Deconstructing a Geology Field Trip to Reconstruct Around a Pedagogical Framework: A Case Study on the Integration of Cognitive Learning Theories and Learning Progressions.

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Erin Argyilan
Kristin Huysken
Robert Votaw


Field-based education is an integral component of undergraduate geoscience curricula and provides educational and social benefits associated with enhanced learning. But field excursions can too often end up as simple show-and-tell events and fall short of implementing effective teaching practices and achieving desired student learning gains. Moreover, logistical and economic pressures tend to discourage or impede the inclusion of field-based activities in undergraduate geoscience programs, especially in commuter-based colleges and universities. This case study shares how a one-day field trip offered at a commuter-based undergraduate campus of Indiana University was deconstructed to identify content-specific learning outcomes, and then reconstructed to a unit-based learning progression. The site-specific geologic content focused on describing and correlating outcrops of Paleozoic sedimentary strata in the Starved Rock area of Illinois. Shifting from a single-day field trip to a multi-session learning progression focused on instructional scaffolding and emphasized formative assessments that integrate cognitive learning theories including retrieval practice, elaboration, spaced practice and dual coding.  Common practices of field geologists such as creating sketches of outcrops (dual-coding) were purposefully integrated as meaningful activities with opportunities for peer mentoring and reflection. Restructuring to a three-week unit included pre- and post-trip assessments to enable instructors to identify and address knowledge gaps and facilitate self-driven learning opportunities for students.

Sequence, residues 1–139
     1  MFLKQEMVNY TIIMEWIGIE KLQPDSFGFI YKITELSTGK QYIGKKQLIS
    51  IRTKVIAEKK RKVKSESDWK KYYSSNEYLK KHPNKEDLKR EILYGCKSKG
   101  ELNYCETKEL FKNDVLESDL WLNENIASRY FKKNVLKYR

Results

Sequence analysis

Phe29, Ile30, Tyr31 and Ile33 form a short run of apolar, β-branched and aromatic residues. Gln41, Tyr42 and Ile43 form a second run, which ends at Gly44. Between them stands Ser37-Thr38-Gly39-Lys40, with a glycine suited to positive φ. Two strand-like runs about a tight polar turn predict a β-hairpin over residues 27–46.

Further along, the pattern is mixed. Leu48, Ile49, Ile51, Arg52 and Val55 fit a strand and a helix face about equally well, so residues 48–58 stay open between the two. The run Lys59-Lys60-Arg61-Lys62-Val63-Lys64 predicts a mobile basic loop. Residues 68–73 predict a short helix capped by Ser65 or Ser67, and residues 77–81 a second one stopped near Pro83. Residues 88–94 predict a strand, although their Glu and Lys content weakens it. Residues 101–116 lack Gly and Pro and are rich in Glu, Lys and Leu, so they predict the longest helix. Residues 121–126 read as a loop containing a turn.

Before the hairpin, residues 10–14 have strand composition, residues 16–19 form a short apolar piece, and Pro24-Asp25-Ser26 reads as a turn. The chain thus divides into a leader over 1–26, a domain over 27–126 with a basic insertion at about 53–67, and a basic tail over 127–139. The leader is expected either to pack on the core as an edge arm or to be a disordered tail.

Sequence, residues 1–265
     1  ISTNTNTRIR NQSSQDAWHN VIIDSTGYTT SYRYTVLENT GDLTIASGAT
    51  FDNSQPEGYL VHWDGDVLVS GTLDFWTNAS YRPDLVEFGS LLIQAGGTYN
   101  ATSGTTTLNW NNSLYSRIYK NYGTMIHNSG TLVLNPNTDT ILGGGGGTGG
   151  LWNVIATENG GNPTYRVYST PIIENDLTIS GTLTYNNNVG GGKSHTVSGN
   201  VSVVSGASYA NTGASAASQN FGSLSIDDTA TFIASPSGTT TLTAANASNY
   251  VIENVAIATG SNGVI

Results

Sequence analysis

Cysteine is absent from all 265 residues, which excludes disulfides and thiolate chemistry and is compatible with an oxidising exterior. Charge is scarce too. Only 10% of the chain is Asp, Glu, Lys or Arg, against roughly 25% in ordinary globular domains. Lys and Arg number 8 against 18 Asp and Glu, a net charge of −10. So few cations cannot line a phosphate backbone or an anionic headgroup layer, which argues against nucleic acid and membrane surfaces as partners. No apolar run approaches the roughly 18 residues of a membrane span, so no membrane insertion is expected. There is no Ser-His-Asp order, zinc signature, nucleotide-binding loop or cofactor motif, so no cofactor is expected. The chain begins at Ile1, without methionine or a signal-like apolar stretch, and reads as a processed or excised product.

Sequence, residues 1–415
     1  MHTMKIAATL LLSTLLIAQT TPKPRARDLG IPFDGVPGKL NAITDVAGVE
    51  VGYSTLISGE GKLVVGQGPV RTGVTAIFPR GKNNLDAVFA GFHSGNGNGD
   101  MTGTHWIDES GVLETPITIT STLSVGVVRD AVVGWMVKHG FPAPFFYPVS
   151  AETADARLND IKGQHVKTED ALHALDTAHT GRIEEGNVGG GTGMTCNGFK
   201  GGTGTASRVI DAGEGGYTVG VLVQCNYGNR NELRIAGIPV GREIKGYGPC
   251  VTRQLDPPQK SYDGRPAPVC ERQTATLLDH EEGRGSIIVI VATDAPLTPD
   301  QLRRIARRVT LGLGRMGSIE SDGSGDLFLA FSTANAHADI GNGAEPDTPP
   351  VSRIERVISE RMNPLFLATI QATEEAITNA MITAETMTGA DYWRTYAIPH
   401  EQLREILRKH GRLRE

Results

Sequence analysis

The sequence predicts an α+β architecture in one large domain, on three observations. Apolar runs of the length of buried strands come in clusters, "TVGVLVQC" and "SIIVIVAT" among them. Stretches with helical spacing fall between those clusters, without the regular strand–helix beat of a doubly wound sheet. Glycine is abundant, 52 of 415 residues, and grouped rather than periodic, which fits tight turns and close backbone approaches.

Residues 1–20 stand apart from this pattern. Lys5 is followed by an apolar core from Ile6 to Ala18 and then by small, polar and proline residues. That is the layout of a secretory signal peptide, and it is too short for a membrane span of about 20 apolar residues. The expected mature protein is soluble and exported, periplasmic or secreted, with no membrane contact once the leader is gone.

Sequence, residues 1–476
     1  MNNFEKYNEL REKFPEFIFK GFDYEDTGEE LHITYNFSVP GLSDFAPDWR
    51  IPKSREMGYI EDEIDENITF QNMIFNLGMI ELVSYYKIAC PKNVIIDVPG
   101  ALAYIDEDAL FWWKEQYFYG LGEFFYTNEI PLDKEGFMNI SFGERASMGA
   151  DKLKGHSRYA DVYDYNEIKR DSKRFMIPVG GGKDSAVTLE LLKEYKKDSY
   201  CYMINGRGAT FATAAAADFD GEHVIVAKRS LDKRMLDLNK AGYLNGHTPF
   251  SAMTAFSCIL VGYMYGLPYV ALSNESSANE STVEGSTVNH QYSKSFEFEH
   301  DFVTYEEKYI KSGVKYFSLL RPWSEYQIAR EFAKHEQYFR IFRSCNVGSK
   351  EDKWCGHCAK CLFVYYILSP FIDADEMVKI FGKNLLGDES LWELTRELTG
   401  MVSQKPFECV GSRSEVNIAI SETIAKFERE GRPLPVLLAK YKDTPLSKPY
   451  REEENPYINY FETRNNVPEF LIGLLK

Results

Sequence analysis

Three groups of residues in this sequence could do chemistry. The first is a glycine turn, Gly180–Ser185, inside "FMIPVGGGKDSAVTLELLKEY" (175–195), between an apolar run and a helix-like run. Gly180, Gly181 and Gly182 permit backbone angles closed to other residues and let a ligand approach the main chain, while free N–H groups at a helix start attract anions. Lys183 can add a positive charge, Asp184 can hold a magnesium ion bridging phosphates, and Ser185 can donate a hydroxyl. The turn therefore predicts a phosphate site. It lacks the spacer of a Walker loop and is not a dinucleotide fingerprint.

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Argyilan, E., Huysken, K., & Votaw, R. (2024). Deconstructing a Geology Field Trip to Reconstruct Around a Pedagogical Framework: A Case Study on the Integration of Cognitive Learning Theories and Learning Progressions . Journal of the Scholarship of Teaching and Learning, 24(1).
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